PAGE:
A former nun recounts her journey in this sensitive debut autobiography.
New Zealander Grogan was a teenager when she decided to devote her life to God. After completing secondary school, she entered the convent at 17, intending a lifetime of service. Conflict first arose with a superior “who seemed to crave affection,” which made Grogan uncomfortable. However, after the author was transferred to teach at a boarding school, she enjoyed her new job and new life. The Roman Catholic Church of the mid-1960s was changing, however, and so was the author, who felt “confined and restricted” at the convent. She talked to a priest about her feelings and later had a physical relationship with him that caused her much grief. With approval from the pope, she left the convent at age 29. The author’s account of her convent years is well-written but sometimes lacks emotion, as if the author is detached from that period of her life. At the time, she never railed against Catholicism but simply raised questions about some of its teachings, such as those regarding childhood confession and contraception; readers might have found it helpful to know the author’s viewpoints today. However, the narrative gains momentum when she writes of reconnecting with old family friend John Grogan in 1975. After a two-month courtship, she married him, and his formerly wild ways led friends to call them “the nun and the bachelor.” They had four young children and lived on a kiwi farm in which John sank all their money, leading to financial failure. The most gripping part of the book, however, comes when her 10-year-old daughter Mary has a stroke just days after her First Communion. At first, readers may find it uplifting to read of Mary’s determined recovery; however, Grogan spends half the book discussing the ups and downs of Mary’s illness when a condensed account might have been more effective. Even so, readers will likely be impressed by the former nun who kept her faith and became a successful wife and mother—on her own terms, not the church’s.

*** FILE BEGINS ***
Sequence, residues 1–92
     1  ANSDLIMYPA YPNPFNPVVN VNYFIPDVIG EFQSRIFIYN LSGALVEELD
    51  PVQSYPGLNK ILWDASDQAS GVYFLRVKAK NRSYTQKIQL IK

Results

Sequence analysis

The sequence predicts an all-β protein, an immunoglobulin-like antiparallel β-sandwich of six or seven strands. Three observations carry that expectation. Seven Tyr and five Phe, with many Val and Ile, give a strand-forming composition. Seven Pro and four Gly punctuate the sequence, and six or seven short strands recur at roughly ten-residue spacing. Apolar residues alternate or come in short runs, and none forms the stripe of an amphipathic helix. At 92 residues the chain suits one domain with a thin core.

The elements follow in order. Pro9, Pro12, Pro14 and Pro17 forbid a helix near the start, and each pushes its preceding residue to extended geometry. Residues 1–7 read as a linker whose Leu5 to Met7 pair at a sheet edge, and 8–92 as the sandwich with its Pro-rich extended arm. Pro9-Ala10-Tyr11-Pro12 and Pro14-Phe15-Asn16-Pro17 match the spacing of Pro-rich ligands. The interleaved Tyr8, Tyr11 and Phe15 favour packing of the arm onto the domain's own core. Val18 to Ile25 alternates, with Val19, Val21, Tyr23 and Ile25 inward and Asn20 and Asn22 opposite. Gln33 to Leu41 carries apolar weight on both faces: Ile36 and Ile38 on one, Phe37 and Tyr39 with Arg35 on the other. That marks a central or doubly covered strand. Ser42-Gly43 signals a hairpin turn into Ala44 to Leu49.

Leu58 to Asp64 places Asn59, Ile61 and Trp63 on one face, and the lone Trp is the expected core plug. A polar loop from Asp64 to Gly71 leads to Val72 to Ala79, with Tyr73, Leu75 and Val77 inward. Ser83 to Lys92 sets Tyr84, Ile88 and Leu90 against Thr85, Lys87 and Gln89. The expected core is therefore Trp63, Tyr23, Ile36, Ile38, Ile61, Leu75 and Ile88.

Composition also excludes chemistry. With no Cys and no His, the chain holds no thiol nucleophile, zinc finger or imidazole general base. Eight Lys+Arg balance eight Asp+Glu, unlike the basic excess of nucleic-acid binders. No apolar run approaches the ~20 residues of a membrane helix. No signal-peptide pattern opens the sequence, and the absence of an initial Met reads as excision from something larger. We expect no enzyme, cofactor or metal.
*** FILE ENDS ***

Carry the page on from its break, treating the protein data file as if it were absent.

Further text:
An often rich life story that may speak to women of many faiths.